Dumplings are not just for winter evenings!

This week Barbara Gallani, teacher at The Life Centre and author of the recently published book: Dumplings, a Global History shares one of her recipe’s with us. Here is what she says:

“I am very keen to de-bunk the myth that dumplings are just a type of stodgy comfort food that does not agree with a healthy diet and lifestyle. In fact, at my book launch in London, all the dumplings served were not only hand-made with fresh ingredients by my parents, they were also either vegetarian or vegan. The recipe below is one of my favourites because of its simplicity (I have been making gnocchi since I was a child) and its versatility (the main ingredient, the potato, can be complemented by almost all different types of flour and a large variety of sauces).”

GNOCCHI AL SUGO DI POMODORO (Italian potato dumplings with tomato sauce)
Serves 6
Takes 1 ½ hours to prepare, 5 minutes to cook
NOTE: Instead of plain flour you can use wholemeal or rye flour, which will give the dumplings a darker colour and a slightly harder texture.
1½ kg potatoes
1 egg
280g plain (all-purpose) flour, plus extra if required
1 pinch of salt
1 tin of chopped tomatoes
1tbsp olive oil
1 large onion, finely chopped
½ tsp sugar
a pinch of salt
1. Cook the potatoes in boiling water for about 40 minutes, until soft, then peel, mash and leave to cool.
2. Add the egg and flour to the potatoes and knead the mixture, adding more flour if the dough is too sticky.
3. Roll the dough into a number of ‘sausages’ of about 2cm in diameter and cut into equal pieces about 2cm long.
4. Gently push each piece against the concave face of a fork, creating a small indentation with your thumb as you let each dumpling, one at a time, roll off the fork onto a tray sprinkled with flour.
5. For the sauce, heat the olive oil in a saucepan, add the onion and cook until soft then add the chopped tomatoes, sugar (to reduce the acidity of the tomatoes) and salt. Simmer for 15 minutes.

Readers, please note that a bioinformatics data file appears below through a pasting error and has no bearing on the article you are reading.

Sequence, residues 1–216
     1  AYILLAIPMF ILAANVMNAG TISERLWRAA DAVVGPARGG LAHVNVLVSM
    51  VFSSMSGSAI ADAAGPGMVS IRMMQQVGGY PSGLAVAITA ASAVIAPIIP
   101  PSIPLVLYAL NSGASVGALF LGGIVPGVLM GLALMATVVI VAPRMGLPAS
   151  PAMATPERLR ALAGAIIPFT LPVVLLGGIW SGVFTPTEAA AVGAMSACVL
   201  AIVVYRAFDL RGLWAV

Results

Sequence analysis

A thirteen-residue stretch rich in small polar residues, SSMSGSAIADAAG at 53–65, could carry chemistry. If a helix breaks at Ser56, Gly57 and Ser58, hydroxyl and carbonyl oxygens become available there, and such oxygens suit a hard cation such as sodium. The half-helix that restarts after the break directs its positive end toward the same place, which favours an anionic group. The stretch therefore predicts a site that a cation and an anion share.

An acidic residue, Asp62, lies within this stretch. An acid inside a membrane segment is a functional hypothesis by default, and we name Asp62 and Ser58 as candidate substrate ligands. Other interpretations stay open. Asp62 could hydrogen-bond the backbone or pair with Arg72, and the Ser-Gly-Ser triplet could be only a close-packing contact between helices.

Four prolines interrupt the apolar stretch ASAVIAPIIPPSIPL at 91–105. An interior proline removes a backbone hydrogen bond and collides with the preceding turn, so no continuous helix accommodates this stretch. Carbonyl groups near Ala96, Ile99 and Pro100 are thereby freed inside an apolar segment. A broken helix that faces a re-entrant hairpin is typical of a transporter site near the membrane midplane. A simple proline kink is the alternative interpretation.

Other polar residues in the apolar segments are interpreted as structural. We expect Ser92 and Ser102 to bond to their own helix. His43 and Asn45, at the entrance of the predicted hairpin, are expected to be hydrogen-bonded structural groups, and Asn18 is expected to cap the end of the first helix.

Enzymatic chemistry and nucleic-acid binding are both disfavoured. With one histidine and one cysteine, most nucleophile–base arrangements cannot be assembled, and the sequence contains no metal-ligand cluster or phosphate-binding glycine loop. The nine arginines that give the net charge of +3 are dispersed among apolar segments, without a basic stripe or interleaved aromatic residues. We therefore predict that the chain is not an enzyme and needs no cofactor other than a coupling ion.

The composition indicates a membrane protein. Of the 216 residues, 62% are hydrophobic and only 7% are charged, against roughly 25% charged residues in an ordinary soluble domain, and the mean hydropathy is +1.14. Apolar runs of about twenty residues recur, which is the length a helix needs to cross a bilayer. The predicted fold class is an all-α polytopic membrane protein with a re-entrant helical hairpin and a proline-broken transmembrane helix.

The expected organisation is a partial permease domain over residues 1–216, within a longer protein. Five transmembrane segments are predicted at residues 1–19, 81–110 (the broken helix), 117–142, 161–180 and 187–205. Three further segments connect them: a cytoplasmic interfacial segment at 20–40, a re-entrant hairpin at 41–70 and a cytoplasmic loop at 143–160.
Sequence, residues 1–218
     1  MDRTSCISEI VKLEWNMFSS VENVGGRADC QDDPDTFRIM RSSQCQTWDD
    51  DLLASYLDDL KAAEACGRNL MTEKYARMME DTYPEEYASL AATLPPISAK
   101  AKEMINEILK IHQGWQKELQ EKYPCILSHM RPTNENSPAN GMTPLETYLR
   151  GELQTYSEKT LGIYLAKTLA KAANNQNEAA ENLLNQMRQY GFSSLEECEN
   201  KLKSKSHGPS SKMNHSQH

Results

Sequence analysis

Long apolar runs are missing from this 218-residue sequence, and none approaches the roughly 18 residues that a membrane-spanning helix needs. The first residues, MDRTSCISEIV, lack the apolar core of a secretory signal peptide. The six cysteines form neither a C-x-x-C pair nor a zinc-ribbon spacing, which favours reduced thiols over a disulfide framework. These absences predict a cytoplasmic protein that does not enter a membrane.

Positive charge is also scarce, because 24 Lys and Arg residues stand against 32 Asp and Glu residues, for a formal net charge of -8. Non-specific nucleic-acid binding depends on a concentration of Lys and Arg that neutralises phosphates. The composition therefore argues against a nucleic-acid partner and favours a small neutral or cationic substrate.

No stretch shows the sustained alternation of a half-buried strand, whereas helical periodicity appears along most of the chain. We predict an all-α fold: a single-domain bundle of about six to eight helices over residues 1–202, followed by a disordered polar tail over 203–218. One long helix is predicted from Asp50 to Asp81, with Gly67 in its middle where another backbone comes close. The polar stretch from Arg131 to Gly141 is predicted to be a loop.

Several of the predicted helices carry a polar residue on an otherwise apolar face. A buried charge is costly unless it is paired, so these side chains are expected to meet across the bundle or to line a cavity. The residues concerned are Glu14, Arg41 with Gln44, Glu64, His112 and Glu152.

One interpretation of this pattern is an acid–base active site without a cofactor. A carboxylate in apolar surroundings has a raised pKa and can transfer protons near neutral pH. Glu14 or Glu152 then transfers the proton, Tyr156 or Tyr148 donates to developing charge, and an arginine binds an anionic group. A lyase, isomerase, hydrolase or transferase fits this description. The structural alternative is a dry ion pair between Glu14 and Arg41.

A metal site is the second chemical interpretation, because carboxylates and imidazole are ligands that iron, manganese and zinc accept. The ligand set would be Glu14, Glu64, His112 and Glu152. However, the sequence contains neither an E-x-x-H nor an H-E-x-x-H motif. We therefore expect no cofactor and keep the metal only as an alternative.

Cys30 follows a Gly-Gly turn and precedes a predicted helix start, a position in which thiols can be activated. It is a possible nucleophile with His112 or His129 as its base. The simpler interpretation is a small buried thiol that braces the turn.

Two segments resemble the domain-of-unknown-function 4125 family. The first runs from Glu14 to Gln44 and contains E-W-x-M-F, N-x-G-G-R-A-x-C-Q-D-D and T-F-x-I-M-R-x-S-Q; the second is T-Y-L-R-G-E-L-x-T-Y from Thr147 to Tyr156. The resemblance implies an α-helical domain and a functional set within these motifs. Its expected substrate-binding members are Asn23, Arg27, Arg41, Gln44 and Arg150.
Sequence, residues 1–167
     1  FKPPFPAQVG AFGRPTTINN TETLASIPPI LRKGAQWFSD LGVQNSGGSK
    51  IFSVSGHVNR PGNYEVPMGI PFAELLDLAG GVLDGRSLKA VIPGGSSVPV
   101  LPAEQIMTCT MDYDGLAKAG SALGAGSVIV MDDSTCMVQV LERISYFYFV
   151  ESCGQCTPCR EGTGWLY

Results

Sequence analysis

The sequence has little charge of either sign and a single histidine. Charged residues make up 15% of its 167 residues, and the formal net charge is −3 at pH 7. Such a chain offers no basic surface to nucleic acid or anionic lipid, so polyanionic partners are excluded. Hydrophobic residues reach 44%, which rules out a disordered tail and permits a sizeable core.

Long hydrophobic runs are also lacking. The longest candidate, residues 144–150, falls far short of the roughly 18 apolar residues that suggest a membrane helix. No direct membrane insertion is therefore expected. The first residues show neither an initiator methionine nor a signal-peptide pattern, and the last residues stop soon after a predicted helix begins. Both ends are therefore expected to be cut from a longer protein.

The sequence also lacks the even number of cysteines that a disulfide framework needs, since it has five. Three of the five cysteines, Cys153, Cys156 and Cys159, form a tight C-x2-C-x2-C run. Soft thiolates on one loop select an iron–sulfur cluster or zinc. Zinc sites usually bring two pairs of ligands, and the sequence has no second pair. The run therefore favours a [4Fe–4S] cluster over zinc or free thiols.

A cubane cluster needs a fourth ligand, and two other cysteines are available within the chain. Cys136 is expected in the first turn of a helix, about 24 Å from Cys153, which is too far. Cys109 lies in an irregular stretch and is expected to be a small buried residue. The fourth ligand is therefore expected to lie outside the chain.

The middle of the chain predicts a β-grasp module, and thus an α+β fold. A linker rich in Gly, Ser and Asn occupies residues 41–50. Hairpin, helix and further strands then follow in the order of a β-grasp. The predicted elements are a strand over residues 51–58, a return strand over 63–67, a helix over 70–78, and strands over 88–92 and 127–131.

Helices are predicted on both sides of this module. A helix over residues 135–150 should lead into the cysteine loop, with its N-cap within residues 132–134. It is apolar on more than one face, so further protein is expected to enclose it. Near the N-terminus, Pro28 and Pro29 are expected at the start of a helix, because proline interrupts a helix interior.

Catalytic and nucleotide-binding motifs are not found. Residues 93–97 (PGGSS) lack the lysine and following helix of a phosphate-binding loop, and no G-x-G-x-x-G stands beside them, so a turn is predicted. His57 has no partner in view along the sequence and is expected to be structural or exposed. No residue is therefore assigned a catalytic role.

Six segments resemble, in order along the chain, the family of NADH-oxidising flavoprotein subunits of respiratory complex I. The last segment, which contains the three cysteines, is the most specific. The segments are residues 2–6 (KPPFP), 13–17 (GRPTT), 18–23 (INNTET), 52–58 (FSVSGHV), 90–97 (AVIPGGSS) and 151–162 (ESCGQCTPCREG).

6. Drop the dumplings into boiling water and cook for a few minutes, until they float to the surface.
7. Drain and serve hot with the tomato sauce on top.

The word dumpling can mean many different things in the culinary world: fluffy balls of wheat flour and animal fat floating to the surface of hearty stews; delicate parcels of dough filled with meat or vegetables and then steamed; firm little lumps of potato, egg and flour served in a thick sauce.
Savoury and sweet dumplings are widespread across the world with simple varieties served as an everyday meal in the home or in school and factory canteens. More elaborate versions are prepared just once or twice a year for celebrations and festivals such as Chinese New Year, Italian and Polish Christmas or Jewish Yom Kippur.

I am a dumpling lover and – as there are many of us around – my book Dumplings: A Global History, which was published in April by Reaktion Books, has been received with great enthusiasm around the world. It was a great experience, following the launch in London, to travel to the US to deliver a lecture on the history of dumplings at the Smithsonian in Washington DC and at 92Y in New York.
What I loved the most of my book tour was meeting so many people willing to exchange their recipes and their family stories of making dumplings for special occasions or everyday meals.
I had a few giggles with my yoga students when the book came out because despite all our efforts we didn’t quite manage to find a connection between my passion for yoga and the one I have for dumplings, although I am absolutely sure that at some level there is one!

To purchase Dumplings, A Global History, click here

View Barbara’s teaching schedule.